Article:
The Gambia. According to
Countryaah, Presidential elections were held in October
after President Yahya Jammeh in July had allowed several
opposition parties, which have been banned for seven years,
to work openly again. Three of these parties appointed
lawyer Ousainou Darboe as their joint candidate. Despite
this, Jammeh clearly won with 52.9% of the vote already in
the first round.
The election was preceded by some unrest that required a
few deaths, but during Election Day everything was calm and
Darboe quickly admitted defeat.
Banjul, before 1973 Bathurst, capital of Gambia in West Africa; 31,300 homes
(357,000 homes in the urban area (2013)). The city was founded by the British in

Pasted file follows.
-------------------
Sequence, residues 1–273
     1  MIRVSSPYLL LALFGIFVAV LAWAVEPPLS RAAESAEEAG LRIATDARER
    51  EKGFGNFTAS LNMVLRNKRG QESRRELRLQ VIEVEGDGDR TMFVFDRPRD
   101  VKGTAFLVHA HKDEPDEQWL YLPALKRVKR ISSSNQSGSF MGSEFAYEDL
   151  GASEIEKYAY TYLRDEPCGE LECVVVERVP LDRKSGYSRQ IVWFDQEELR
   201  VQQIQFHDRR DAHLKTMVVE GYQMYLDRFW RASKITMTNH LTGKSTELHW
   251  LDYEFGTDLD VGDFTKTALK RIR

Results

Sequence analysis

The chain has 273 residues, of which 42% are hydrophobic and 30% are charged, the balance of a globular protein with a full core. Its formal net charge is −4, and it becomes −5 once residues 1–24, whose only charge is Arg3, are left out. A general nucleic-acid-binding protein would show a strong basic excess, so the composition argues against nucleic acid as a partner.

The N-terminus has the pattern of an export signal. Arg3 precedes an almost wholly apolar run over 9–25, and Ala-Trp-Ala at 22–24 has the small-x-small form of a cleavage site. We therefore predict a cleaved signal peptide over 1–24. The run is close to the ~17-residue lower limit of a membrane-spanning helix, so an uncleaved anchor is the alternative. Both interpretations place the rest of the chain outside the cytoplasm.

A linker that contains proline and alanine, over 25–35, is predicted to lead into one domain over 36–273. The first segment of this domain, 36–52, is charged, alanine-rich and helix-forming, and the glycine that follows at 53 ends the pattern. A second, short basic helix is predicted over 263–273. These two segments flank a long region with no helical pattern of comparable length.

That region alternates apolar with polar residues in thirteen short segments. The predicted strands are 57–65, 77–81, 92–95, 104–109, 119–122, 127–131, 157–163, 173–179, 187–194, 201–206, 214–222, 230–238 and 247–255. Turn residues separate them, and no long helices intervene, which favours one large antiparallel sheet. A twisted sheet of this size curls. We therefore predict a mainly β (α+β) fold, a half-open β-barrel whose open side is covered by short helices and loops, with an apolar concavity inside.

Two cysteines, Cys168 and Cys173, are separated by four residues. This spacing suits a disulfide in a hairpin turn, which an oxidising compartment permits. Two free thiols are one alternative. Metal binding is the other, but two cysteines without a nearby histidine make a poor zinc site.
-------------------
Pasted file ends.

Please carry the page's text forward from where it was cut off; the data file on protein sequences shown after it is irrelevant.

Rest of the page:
1816 on St. Mary's Island at the mouth of the Gambia River. A garrison was to
prevent the slave trade, and the city was to serve as the home of English
merchants displaced from Senegal. The hollow, dusty and muddy streets are
perpendicular to each other and testify to the city's planned background, and
around the large MacCarthy Square the old colonial buildings are dilapidated.
Banjul has a shipyard, peanut oil mills and Atlantic Harbor. There is a ferry
to Barra on the opposite bank of the Gambia River, and Gambia International
Airport Yundum is 24 km to the SV. Tourism is a major source of revenue with
markets for textiles, handicrafts, etc., but nearby mangrove areas hinder
Banjul's urban growth; it is today a stagnant city of government. Urban growth
is taking place in the neighboring urban areas of Serekunda, Bakau and Fajara;
This is also where the many tourists live.